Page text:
Law Practice Management
Facing ‘Unrelenting’ Price Pressures, Law Firms Turn to Outsourcing, Innovation
Posted Dec 13, 2010 6:30 AM CDT
By Debra Cassens Weiss
Law firms faced with “unrelenting” pricing pressures from clients are beginning to outsource basic legal work, create new categories of lawyers, and take a “loss leader approach” to pricing.
In an article for the Am Law Daily, Dan DiPietro and Gretta Rusanow of Citi Private Bank's Law Firm Group base their conclusions on roundtables with managing partners at more than 150 law firms, both here and in London. Law firms are trying to save money so they can compete on price, the article says, and they are trying to please clients with approaches that go beyond alternative fees and discounted rates.
Some law firms have already moved back-office functions to cheaper locations, either within the United States or overseas, according to DiPietro and Rusanow. Sometimes the firms are hiring offshore service providers and sometimes they are creating their own captive offshore operations.
Now some law firms are going further, the article says, and are beginning to outsource basic legal work. Within firms, new categories of lawyers are being created to do work at lower cost than traditional partner-track associates.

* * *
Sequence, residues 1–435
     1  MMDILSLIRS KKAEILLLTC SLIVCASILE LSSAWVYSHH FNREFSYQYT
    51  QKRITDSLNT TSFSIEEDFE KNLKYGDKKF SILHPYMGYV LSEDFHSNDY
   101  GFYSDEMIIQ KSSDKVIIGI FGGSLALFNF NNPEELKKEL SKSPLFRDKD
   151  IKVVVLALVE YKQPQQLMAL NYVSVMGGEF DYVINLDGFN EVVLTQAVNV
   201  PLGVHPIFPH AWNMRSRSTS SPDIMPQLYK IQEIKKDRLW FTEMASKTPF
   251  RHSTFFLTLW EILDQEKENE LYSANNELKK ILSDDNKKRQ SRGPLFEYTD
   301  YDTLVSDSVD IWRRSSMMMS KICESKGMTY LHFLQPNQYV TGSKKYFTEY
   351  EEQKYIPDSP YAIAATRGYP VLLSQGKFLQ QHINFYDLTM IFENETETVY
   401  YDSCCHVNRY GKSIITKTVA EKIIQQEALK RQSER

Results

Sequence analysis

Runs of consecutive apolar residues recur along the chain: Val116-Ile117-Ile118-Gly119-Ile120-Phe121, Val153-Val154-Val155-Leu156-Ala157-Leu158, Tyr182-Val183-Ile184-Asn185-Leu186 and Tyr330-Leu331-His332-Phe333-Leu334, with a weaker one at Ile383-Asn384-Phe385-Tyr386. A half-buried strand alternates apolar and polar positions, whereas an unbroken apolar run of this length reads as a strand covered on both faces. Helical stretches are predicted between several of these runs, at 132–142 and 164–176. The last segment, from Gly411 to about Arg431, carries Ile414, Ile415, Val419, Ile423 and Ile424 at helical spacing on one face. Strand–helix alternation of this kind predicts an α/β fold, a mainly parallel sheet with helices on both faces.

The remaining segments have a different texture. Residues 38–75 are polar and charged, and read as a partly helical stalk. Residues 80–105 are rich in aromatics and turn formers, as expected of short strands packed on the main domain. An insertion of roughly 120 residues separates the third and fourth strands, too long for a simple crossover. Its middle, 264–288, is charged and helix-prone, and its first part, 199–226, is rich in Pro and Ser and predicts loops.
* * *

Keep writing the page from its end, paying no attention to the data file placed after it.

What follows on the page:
Firms taking the “loss leader” approach heavily discount fees early in the client relationship to get a foot in the door. The hope is that the client will accept higher fees after it sees a difference in quality. Some firms are also offering discounts to start-ups in hopes of a long-term profitable relationship.
Firms are also offering “value beyond price,” the article says. In some cases, associates are sent to work in the offices of corporate clients for a negotiated price. Some clients are being offered a set amount of free telephone consultations. Other firms are offering “knowledge tools” such as a database of client work product, or access to research help.
“Firms are embracing the challenges they've faced in this soft demand market,” the article concludes.